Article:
Trucking, flying snow won’t impact Olympic green goals: VANOC
VANCOUVER — The helicopters and trucks ferrying precious snow to Vancouver’s winter-starved Cypress Mountain venue will have only a negligible impact on projected carbon emissions, say organizers aiming to host the greenest Games ever.
The thrum of chopper blades and the rumble of dump trucks might run counter to the notion of environmental sustainability, but Vancouver Games officials insisted Wednesday they won’t be thrown off target by man-made efforts to restore winter to parts of the West Coast.
“If we used helicopters every day from this point until the end of February for eight hours a day, it would increase our carbon footprint by less than one per cent,” said Linda Coady, vice-president of sustainability for the Olympic organizing committee known as VANOC.
“Similarly, with the trucking (of) snow, if we trucked in 100 tonnes, it would only increase our carbon footprint by about three or 4,000 tonnes.”
Cypress Mountain, situated on Vancouver’s North Shore, has been hit by heavy rain and warm temperatures, robbing it of the snow necessary for the snowboarding and freestyle skiing events to which it is to play host.
But it won’t alter VANOC’s prediction that the 2010 Games will produce just 118,000 tonnes of carbon over the life of the seven-year project, compared with 17-day emis- sions levels of 248,000 tonnes in Salt Lake City in 2002 and about 160,000 in Turin, Italy, in 2006.
What is produced, organizers say they will offset with carbon credits.
Organizers were on hand Wednesday to release the latest in a series of status reports on VANOC’s sustainability efforts, this one spanning the 12 months beginning Aug. 1, 2008.
“We know that a global event on the scale of the Olympic and Paralympic Games provides a platform to raise awareness about a variety of specific causes and concerns,” the report said.
“We also understand there will always be Games critics, and we believe that everyone has the right to peacefully express their beliefs.”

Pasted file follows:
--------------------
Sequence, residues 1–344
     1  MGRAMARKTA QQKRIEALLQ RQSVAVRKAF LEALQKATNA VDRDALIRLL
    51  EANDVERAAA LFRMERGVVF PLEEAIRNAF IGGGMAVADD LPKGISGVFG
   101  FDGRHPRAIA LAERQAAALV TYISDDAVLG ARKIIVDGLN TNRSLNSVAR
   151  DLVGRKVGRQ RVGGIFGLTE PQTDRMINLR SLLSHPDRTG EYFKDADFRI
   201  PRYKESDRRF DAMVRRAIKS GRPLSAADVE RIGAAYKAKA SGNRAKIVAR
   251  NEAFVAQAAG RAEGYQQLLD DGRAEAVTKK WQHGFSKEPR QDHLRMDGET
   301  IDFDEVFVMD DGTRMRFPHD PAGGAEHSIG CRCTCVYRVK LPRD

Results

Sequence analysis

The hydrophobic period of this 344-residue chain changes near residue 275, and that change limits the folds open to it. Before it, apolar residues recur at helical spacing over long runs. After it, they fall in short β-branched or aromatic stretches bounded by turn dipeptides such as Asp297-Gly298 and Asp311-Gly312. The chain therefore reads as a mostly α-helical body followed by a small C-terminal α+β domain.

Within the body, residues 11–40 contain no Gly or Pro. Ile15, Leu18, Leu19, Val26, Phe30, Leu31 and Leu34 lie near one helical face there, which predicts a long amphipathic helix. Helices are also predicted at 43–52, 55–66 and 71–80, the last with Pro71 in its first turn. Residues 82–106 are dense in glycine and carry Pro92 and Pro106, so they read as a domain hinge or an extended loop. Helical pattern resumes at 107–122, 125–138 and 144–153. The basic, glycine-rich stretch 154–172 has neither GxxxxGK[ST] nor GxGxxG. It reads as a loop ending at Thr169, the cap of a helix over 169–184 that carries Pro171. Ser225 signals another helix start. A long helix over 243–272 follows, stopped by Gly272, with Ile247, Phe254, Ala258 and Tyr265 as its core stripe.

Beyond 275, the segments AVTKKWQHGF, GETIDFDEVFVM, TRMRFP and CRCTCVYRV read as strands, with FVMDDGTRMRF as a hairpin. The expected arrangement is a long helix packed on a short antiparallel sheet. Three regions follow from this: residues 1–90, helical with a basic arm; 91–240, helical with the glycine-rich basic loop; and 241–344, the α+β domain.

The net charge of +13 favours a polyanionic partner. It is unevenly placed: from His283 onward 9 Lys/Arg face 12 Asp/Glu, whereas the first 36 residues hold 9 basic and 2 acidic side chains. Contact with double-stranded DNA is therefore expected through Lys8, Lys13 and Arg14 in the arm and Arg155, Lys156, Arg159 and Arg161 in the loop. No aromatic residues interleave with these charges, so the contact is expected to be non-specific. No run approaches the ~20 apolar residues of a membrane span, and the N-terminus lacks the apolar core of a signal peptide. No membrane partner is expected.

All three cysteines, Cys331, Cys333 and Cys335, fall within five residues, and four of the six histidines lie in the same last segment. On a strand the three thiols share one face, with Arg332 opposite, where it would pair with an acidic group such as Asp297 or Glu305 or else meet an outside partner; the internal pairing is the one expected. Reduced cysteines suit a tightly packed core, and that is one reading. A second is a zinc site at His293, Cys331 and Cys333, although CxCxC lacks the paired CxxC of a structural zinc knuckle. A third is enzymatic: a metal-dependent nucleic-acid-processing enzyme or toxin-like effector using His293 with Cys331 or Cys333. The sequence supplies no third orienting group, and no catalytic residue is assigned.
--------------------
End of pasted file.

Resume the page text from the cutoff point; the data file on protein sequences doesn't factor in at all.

Coady also warned against reading too much into the decision last week by the David Suzuki Foundation to award the Games a symbolic bronze medal for sustainability, rather than a gold or a silver medal.
The Suzuki assessment was relatively positive, applauding VANOC’s sustainable venues, emissions targets and transparency, but complained about a lack of a sustainable transportation legacy and less-than-stellar public communications.
“We’re pretty happy with that,” Coady said of the bronze medal. “They made it pretty clear they would never award a gold or a silver medal to a sporting event yet, so we made it onto the podium.”
When they get underway Friday, the Games are expected to attract the largest group of protests the committee has seen to date.
Activists take issue over everything from the role aboriginal people are playing in the Games and what they believe is the negative impact the Olympics are having on Vancouver’s most marginalized residents. Many insist that the Olympics and sustainability are mutually exclusive concepts.
The committee, however, believes it has put together one of the most inclusive and balanced events in the history of the Games.
“If you have intention, if you have clarity, if you have good partnerships, if you have creative ideas, if you’re reflecting people’s values, you can manage (the Games) in a more sustainable way,” Coady said.
“That is a message of hope and transformation, because if you can do it for an Olympic Games, which is only a 17-day event, then it’s possible to do it more broadly.”
In the year the report covers, organizers also provided money for shelter beds, supported programs that gave job training for Games-specific roles and hired inner-city groups to run programs like their lost and found.
They also spent over $1 million buying from 15 inner-city businesses, though overall, their spending on local business has gone down from years past.
For the first time since they began reporting, organizers also said that in 2008-2009 they did not need to ban any factories from producing their merchandise because they didn’t comply with the Games’ code of conduct.